Friday, April 4, 2008


The above statement, "destruction of the nation state," is clearly articulated by Turkey's General Buyukanit in the following, and, note, as well, in the right hand sidebar, other articles related to Turkey's somewhat questionable future relationship with the IMF:

Meanwhile, in another major, un/underreported development, a herculean, militant, labor strike takes place at Russia's enormous, privately owned, bauxite company, Rusal, reported by the indomitable John Helmer.
One can only hope it will lead to even greater developments, like re-nationalization, which is what really should occur;

Following along lines of nationalization, Russia's Gazprom, the world's 18th, I believe, from memory, largest company, continues expanding its reach.
After a number of widely reported developments, raids on their offices, etc., Gazprom appears to be headed to acquire a controlling interest in another Russian-British energy company, TNK-BP:

NATO enlargement, I should say, encirclement, suffered a TEMPORARY politically expedient setback this past week regarding inclusion of both Georgia and Ukraine, but, has been rescheduled for December, coincidentally, after US Presidential elections:

Not equally publicized and well known, a US Congressional bill recently passed supporting NATO expansion UNANIMOUSLY.
Regarding NATO expansion's related brainchild, missile defense in Europe, see a nice chronology and time line at the following:

On developments surrounding Iran, Iraq and Sadr, so much happening. But, hopefully, you've been following my post from March 26, 2008, "Mopping Up Begins in Earnest in Iraq,"and an important link regarding a "deal" agreed to by Cheney and Maliki, a quid-pro-quo for support to Barzani around Kurdistan versus Turkey, passage of the oil and gas law and elimination of Sadr.
I'll provide this link once again:

For more background contextualization on this, see my March 26 blog, to which I referred:

As one can easily see, ALL of the above discussed with Cheney,, is coming to pass.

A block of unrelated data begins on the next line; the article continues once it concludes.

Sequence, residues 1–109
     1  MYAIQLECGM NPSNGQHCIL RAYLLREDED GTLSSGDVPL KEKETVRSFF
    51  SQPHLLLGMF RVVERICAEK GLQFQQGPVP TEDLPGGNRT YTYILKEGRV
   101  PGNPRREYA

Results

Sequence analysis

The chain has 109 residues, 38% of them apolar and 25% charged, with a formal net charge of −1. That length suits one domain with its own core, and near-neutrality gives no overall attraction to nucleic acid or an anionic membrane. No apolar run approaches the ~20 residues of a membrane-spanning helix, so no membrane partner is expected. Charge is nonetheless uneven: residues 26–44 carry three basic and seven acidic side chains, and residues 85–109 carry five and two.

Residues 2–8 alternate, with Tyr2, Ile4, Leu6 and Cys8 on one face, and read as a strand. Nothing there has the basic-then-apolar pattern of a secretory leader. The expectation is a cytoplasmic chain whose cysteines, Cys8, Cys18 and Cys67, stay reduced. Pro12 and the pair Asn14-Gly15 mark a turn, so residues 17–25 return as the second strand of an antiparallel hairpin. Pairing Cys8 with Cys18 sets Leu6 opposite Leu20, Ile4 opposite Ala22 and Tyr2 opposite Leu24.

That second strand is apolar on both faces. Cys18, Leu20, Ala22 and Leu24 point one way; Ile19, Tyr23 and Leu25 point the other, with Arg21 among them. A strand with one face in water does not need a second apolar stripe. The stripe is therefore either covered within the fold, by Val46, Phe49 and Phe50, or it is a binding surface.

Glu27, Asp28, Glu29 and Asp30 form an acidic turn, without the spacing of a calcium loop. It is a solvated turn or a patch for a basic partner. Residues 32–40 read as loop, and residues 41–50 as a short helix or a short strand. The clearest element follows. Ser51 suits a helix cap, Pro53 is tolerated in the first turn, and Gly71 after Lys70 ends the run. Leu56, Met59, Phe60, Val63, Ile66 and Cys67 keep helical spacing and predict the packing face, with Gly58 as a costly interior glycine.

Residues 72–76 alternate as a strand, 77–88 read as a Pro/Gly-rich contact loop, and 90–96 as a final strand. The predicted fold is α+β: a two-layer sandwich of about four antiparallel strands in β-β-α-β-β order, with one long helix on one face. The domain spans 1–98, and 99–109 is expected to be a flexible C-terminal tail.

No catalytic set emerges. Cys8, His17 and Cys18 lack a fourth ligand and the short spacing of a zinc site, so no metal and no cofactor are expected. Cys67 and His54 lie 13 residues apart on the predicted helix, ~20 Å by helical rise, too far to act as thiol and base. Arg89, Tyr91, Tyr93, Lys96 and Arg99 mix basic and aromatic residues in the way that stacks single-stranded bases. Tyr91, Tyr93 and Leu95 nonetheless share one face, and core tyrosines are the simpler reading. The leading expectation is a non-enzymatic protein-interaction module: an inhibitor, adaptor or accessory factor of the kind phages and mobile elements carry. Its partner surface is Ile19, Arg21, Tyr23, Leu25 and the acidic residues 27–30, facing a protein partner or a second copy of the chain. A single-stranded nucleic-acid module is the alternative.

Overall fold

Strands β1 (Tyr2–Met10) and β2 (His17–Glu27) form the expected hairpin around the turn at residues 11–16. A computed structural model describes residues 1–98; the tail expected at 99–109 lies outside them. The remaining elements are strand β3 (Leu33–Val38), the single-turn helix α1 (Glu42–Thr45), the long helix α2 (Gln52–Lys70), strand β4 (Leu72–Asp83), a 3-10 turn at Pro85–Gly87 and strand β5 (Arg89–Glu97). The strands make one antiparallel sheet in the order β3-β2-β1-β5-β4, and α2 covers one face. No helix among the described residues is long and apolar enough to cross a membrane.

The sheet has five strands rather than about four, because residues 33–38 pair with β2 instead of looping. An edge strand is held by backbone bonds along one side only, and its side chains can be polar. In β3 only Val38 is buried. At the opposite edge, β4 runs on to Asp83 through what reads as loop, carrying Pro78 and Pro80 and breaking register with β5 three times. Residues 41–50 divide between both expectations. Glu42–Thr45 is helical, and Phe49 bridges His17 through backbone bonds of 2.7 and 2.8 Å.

Only in dispute and subject to interpretation and second guessing, is the timing and tactics of the assault against Sadr's forces.
A few developments have clearly emerged from the PRESUMED ill-timed, ill-planned Sadr assault.
First, Iran's military role in Iraq has been completely and totally exposed for the world, and, particularly, dumb Americans, to see and those in "Iraq's" army who were considered or deemed unreliable were flushed out and replaced by other Iranian militias opposed to Sadr:

Also, Britain reversed itself and is maintaining current troops levels in Iraq and you can rest assured US forces won't leave prior to the new "Commander in Chief" taking office, who, I assume, will be McCain, and an entire policy review will come under consideration.
So, when deciding whether or not the recent military assault on Sadr should be classified a "success or failure" depends on what are/were the immediate and long range desired results and objectives in the first place. I view what happened simply as a "skirmish," the first round in a long, protracted struggle.
Future fighting guaranteed and is already occurring at this very moment. For an excellent example of compare and contrast on how the same event is reported, (if it is reported), perceived, interpreted, and spun by differing sources, consider the following:

ADDENDUM: I inadvertently omitted the following link and commentary which substantiates and adds to my previous links and analysis, above. It's source:

And placement in the Wall St. Journal is an important fact, "The Second Iran-Iraq War":